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Fiji: A Place called home

Daryl Tarte
Copyright Date: 2014
Published by: ANU Press
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  • Book Info
    Book Description:

    Few people have been in the unique position of being able to observe and record the dramatic changes that have taken place in the islands of Fiji over the past 80 years than fourth-generation citizen, Daryl Tarte.

    eISBN: 978-1-925022-05-6
    Subjects: History, Anthropology, Sociology

Table of Contents

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  1. Front Matter
    (pp. i-iv)
  2. Table of Contents
    (pp. v-vi)
  3. Epigraph
    (pp. vii-viii)
  4. Dedication
    (pp. ix-x)
  5. Preface
    (pp. xi-xii)
  6. Introduction
    (pp. xiii-xvi)
    Stewart Firth

    This book is by a European Fijian. Europeans have always been a tiny minority in Fiji: 2.1% of the population in 1881, 2% in 1936, 1.4% in 1966, and fewer since independence in 1970. Yet Europeans were central players in Fiji from the time they came in the 19th century, and they dominated the country during the colonial period, from 1874 until 1970. Europeans had advantages of technological know-how, political organisation, and military might that guaranteed their supremacy in societies that were encountering the rest of the world for the first time. Fiji was one of those societies and, in...

  7. Prologue: The Early Days
    (pp. xvii-xx)

    The Tartes had deep roots in England. Apparently the family had been part of the Huguenot’s escape from France in the 16thand 17thcenturies. They had first settled in southern England before spreading to London and Birmingham. It is recorded that John Tarte became Lord Mayor of London in 1614 and that Edward Tarte became Vicar of St Mary’s in 1782.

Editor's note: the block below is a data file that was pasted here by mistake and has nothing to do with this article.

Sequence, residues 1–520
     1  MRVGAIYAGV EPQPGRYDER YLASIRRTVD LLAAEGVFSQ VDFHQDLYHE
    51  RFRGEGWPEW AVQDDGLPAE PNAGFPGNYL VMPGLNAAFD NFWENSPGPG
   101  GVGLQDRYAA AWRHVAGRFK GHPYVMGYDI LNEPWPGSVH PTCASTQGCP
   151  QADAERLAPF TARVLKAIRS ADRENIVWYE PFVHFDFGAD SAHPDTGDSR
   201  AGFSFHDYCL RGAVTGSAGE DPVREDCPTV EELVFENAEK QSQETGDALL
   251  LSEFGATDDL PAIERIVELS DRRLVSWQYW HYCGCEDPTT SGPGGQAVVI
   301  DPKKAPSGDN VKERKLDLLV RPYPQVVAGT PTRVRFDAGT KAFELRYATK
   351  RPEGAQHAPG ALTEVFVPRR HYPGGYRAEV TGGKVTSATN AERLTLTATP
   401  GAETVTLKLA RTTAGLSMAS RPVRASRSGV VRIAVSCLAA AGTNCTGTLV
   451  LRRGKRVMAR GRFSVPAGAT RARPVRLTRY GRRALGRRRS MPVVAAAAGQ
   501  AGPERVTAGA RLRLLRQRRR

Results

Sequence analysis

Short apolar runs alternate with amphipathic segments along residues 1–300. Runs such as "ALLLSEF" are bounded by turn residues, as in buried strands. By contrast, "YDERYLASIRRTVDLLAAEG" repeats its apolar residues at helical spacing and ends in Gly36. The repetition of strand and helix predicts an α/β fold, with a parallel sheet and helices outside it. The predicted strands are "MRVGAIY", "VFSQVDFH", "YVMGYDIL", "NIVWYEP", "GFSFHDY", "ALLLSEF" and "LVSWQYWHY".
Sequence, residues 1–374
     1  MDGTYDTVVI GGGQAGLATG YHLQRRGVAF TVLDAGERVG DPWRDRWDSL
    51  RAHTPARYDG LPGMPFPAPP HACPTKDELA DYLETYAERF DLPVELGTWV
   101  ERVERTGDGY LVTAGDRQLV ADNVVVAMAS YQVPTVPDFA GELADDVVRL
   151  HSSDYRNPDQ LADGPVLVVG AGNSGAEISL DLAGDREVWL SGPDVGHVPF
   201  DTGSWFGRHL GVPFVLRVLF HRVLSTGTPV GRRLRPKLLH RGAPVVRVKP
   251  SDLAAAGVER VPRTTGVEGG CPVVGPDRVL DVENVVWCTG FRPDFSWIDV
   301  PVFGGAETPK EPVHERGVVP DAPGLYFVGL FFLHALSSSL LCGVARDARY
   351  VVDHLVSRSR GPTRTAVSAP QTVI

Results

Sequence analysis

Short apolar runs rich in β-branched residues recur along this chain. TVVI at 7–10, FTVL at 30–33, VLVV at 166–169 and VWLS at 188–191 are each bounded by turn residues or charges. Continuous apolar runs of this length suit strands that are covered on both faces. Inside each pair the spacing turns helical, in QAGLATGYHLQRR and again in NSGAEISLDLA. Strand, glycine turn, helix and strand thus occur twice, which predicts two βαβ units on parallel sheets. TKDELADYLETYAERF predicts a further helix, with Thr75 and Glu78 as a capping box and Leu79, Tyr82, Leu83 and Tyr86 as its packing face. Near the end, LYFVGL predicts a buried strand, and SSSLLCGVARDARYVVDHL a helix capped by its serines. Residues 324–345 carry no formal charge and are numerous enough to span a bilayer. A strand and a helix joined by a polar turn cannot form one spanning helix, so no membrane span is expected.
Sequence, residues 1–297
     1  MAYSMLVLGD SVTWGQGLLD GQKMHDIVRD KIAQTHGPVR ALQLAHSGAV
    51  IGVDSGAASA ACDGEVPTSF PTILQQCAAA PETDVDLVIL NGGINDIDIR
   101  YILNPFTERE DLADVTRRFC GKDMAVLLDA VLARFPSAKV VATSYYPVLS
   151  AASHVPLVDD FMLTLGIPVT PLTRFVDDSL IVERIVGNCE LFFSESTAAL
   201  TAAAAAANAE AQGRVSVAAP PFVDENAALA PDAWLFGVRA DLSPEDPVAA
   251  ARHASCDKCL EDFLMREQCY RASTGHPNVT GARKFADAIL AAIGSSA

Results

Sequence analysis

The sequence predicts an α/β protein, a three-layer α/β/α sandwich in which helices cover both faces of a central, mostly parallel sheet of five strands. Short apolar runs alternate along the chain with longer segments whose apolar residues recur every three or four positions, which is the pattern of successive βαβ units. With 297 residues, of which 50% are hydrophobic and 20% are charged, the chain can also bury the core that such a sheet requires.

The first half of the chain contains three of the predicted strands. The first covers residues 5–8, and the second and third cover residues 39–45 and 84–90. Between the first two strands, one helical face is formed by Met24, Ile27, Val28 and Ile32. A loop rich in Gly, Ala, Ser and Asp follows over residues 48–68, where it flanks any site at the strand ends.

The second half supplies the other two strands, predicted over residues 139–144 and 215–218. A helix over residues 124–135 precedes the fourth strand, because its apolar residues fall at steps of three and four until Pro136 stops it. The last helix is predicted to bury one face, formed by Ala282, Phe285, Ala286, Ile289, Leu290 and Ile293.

My great-grandfather, James Valentine Tarte, became apprenticed to an electrical engineer but had a very adventurous spirit, so when he heard of the rich gold finds in Victoria, Australia, he decided to try his luck. It seems that...

  8. Part One: Taveuni:: The Colonial Period

    • 1. People Along the Road
      (pp. 3-16)

      When I was born in 1934, Fiji was a firmly controlled outpost of the British Empire, having been ceded to the Crown by the Chiefs of Fiji in 1874. The Governor sat at the top of the hierarchical pile. These were colonial civil servants who had served their time throughout the Empire and worked their way up the rigidly stratified structure. Despite his absolute power within Fiji, the Governor had to refer all matters to London for final decision. He ruled the islands through the Legislative and Executive Councils, the former being made up of official heads of government departments...

    • 2. The Old Home
      (pp. 17-22)

      We were told that our house had been built by Methodist missionaries back in the early 1800s. Its three-foot thick walls were constructed from rock and homemade coral cement. It was built on a three-acre block with a separate title and was acquired by my grandfather. Many of the missionaries and their families were buried in an adjacent graveyard, which seemed to me to be crawling with ghosts. I never went near the place on my own. Dad put in a tennis court between the graveyard and the house, and I started wielding a racquet from an early age. The...

    • 3. The Plantation
      (pp. 23-34)

      The operation of the plantation gravitated around Dad. In the 1940s, the Waimeqere Plantation was just over 3,000 acres in size: 1,500 acres were planted with coconuts, there were 300 acres of grass paddocks, and 1,200 acres at the back, bordering on the Couborough Estate of Salia Levu, were under secondary growth, mainly guava. 1,000 head of cattle grazed under the coconut trees and were fattened for the market in the grass paddocks. About 100 families lived on the plantation and were completely dependent on Dad for their income, housing, water, fuel, medicine, meat, and land on which to grow...

    • 4. The Young Overseer
      (pp. 35-42)

      With the end of the war and an improvement on Dad’s financial position it was decided that Jeanine and I should go to school in Australia, she to Melbourne Church of England Girls Grammar, and I to Melbourne Church of England Boys Grammar. I was to be away from January 1946 to the end of December 1953, returning to Taveuni only for Christmas holidays.

      By then I was very different to the boy who had gone away to school. My world had expanded tremendously with boundless opportunities. I was good at most sports, had lots of friends, and had been...